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Nov 22, 2016
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You might be one of those people who has attempted to apply for a work-from-home job. The idea of staying in your room and doing your job while not having to leave the comfort of your bed seems like an employee's dream come true. Apart from that, you can avoid the hustle and bustle of Metro Manila's traffic. You just wake up, do the task you're assigned to do, and submit it on time to your superior. But just like an office-based job, you need to know the drawbacks of this kind of employment.

After all, just because the setting is different doesn't necessarily mean it's instantly a better setup.

Before considering working remotely, ask yourself some of these questions to know whether it's worth pursuing:


1) What time do I need to work?

Some work-from-home jobs usually have international offices so you might have to work at night. "Clarify with the hiring manager whether you'd have a straight eight-hour job or a few short shifts throughout the day," says HR manager Rina Concepcion.


2) Do I feel comfortable working on my own?

If you're more of an extrovert, then you might not have fun working without having anyone to talk to. "If you're not having fun with your job, then you won't be able to perform well," suggests Concepcion. However, working on your own means you'd be able to concentrate more. It's just a matter of perspective.


3) Can I accomplish tasks without supervision?

Try to think back if you've ever done something without anyone having to guide you. Concepcion explains that if you're confident that you're disciplined enough to work on a project by yourself without your boss hounding you to finish it on time, then you can consider working from home.


4) Is my home a suitable place for working?

"Of course you'd need some peace and quiet in order for you to finish your tasks on time," Concepcion says. If your home is a chaotic place, you really won't be able to concentrate well. Instead, opt for a quiet environment. If you have your own room, then put a note on the door asking whoever you live with not to disturb you.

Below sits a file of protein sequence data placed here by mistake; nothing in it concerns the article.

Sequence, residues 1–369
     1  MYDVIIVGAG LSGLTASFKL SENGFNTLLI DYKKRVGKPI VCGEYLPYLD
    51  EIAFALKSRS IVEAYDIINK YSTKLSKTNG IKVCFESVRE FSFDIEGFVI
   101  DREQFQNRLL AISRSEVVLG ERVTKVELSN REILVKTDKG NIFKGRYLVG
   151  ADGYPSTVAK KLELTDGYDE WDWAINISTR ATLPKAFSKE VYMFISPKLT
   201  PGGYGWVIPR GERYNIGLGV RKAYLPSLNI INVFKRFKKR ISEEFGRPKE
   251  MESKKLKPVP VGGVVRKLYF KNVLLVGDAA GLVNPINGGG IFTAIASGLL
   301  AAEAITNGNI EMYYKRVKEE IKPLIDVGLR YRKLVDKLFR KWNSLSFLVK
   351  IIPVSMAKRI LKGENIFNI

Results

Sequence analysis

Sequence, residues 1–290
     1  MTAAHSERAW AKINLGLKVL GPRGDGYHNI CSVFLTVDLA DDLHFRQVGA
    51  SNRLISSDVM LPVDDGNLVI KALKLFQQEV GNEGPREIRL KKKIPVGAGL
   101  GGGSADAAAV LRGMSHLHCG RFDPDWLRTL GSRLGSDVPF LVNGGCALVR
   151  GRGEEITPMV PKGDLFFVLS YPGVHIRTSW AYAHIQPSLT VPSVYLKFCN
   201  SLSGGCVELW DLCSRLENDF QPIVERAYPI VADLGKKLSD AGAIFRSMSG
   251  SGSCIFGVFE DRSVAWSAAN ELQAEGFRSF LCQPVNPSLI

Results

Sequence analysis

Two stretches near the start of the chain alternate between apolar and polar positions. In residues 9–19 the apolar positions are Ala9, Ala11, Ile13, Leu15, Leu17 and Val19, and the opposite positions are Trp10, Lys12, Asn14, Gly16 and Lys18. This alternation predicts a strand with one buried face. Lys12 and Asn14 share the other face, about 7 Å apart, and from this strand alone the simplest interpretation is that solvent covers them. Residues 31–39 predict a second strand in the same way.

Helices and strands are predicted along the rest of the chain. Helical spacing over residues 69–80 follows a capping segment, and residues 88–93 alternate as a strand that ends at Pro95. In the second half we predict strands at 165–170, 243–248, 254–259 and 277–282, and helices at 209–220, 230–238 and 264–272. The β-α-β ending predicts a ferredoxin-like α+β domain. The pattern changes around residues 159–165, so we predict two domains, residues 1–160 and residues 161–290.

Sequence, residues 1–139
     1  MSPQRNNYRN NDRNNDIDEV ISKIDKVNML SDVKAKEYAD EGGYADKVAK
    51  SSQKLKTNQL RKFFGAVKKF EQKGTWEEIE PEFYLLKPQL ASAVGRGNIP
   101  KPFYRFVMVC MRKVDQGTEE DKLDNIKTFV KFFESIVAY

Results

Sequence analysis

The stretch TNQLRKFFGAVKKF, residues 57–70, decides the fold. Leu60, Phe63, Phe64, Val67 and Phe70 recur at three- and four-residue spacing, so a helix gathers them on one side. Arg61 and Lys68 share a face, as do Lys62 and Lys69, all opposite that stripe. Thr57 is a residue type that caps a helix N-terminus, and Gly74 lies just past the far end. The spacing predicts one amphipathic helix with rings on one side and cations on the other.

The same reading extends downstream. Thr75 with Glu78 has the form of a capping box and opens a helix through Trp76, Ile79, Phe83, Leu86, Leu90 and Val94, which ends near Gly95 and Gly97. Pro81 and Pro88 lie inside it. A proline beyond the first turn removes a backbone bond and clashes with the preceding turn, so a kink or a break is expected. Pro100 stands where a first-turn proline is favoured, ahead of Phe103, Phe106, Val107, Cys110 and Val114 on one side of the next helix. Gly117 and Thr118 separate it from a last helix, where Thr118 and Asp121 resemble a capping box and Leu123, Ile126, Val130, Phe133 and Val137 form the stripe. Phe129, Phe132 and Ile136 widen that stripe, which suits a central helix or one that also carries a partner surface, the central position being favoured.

5) Is my internet connection fast enough?

One problem that the Philippines faces is the slow Internet connection. "Though the internet in our country is not that fast, it still depends on your location," Concepcion suggests. There are certain areas where one network provider is stronger than the other.

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6) Would there be benefits?

This is the age old question of work at home employees. Since you're not working in an office and your time might be flexible, you won't be able to get the same benefits as employees working in an office setting. "Also, if your employer is from a different country, you probably won't receive the same benefits that local companies offer."


7) Does the notion of communicating with my boss via email bother me?

"Communication is a key part of working," Concepcion says. "If you hate being bothered via chat or email or are having a difficult time understanding the instructions if it's not explained to you physically, then that could be a problem that could affect your work performance."


8) How much would the salary be?

"Don't ask it at first because you might not land the job. Should you get a job offer, that's the time you can ask for the salary." Would you get the same amount of money as a person working in an office? How much will you be able to save due to the fact that you won't be spending on transportation and food? If the answer is you'll be able to save and earn even just a bit more, then go ahead and accept the company's offer. It's a win-win situation for you.


9) How will I get paid?

Clarify if you'll receive the payment through the bank or other modes of payment. Concepcion adds that normally, employees who work from home are paid via PayPal, but there are some companies who are willing to deposit the salary to your bank account. Also makes sure to ask if international taxes apply.


10) Who will handle my taxes?
 

Speaking of taxes, remember that a work-from-home job entails that you have to file your taxes on your own. "You'll have to file a lot of paperwork, but if you want to contribute to the society and abide by the law, then you must file your taxes accordingly," Concepcion notes.

 

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